Islands, the Isle of Man, Guernsey and Jersey. Perhaps that's tax treatment, perhaps that
transparency related, perhaps that's entirely arbitrary, but that's just the way it is.
So who takes the crown as the biggest owner in Scotland? The land is split mainly between
public bodies, individuals, communities and other owners like the Royal Family.
But the largest single owner is Forestry and Land Scotland. They hold 640,000 hectares,
the equivalent of thirty-five-times the area of Glasgow. This land helps boost the economy
through logging and tourism. The Ministry of Defence owns swathes of land
across Scotland, some of which is used for military training exercises.
Scotland's 32 councils own a sizable chunk too, as do the RSPB and the National Trust.
Perhaps more surprising is that the Church of England makes the list of biggest landowners
after buying thousands of hectares of forestry as part of its investment portfolio.
But the overwhelming majority of rural land is in the hands of private owners - around
57% according to the Scottish government.
Land ownership is a hot potato. Like many other legal systems, Scotland says the right
of ownership is the apex right, it is the right that gives you a really important agenda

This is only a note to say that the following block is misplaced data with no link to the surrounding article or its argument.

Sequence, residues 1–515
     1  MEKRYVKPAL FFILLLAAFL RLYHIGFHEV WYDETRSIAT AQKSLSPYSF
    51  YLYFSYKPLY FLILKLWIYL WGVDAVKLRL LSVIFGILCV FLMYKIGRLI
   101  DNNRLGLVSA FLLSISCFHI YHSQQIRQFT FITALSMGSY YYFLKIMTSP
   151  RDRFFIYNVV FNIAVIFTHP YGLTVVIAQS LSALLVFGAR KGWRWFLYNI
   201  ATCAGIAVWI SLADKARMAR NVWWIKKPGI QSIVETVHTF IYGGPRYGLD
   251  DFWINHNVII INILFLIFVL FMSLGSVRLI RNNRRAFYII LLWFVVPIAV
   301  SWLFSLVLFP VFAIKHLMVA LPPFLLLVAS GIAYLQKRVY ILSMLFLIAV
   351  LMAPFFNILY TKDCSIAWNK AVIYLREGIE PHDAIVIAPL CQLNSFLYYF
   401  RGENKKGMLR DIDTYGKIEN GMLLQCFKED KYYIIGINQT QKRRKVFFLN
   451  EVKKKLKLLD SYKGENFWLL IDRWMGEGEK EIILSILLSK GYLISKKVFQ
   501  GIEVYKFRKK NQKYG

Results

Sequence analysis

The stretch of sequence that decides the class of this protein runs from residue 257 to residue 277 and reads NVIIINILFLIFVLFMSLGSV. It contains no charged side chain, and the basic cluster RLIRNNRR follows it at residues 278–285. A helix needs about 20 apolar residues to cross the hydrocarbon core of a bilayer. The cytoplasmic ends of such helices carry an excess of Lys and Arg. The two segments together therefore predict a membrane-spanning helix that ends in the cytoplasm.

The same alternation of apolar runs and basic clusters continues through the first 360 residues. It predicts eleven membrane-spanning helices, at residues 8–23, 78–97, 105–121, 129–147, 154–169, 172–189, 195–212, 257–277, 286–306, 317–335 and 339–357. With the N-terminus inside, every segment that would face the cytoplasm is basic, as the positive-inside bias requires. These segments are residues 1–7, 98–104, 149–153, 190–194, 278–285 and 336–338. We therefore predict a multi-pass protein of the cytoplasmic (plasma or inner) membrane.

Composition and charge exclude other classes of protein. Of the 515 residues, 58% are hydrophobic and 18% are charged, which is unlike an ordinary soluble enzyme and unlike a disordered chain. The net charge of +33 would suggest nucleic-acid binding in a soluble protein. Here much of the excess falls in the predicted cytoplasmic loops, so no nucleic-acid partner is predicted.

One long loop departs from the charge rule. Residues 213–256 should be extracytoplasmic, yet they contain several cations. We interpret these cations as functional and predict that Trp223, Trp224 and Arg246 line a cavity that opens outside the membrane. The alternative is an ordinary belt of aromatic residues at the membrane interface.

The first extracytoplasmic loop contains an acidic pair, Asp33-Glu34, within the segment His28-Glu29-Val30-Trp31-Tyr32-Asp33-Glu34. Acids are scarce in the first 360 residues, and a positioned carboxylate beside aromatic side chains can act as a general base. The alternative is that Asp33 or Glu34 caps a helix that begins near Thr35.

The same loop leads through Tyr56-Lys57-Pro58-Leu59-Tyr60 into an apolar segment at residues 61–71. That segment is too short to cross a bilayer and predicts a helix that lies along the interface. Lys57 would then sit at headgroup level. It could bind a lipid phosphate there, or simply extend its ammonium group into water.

setting role. The risk would be that you get a land owner who essentially throws their
weight around a little bit. Land can have such a big impact on other people. If you
have a land owner who is particularly thrawn and stubborn and doesn't want to do something,
then that can have a big impact.
This was the case on the Isle of Eigg in the
90s. Islanders previously faced years of issues with absentee landlords, including the removal
of waste from the island. So, they decided to purchase the land for themselves. £1.5
million pounds was raised and over 20 years since the buyout, the island's population
has almost doubled.
Several pieces of land reform legislation
have been passed by the Scottish government. In 2013, the then-first minister Alex Salmond
also set a target of one million acres of Scotland being owned by local communities
by the end of the decade.
There was a law passed called the Land Reform
Act 2003 which gave communities in rural Scotland the right to have first dibs on an asset when
the land was put up for sale. Then the second wave of land reform legislation came with
the Community Empowerment (Scotland) Act 2015 and that brought in a way for communities
to take on a land asset that had been neglected, abandoned or environmentally mismanaged. The
third wave is the most recent Land Reform (Scotland) Act 2016, which has a right for
communities to acquire land when the land owner has somehow been blocking sustainable
development locally.
Although the one million acres target is unlikely
to be achieved by 2020, the Scottish government continues to stress that land reform is on
a "radical journey". What is certain is that the debate over who should own Scotland won't
disappear anytime soon.
So land reform is a bit of a recurring issue
and this is probably because it's a bit of a goldilocks issue. To some, what's happening
at the moment is too hot, to others it's too cold, to others it's just right. So
we could imagine returning to these issues again in the future.
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Dukes, aristocrats and tycoons: Who owns Scotland? - BBC News

11 タグ追加 保存
林宜悉 2019 年 9 月 21 日 に公開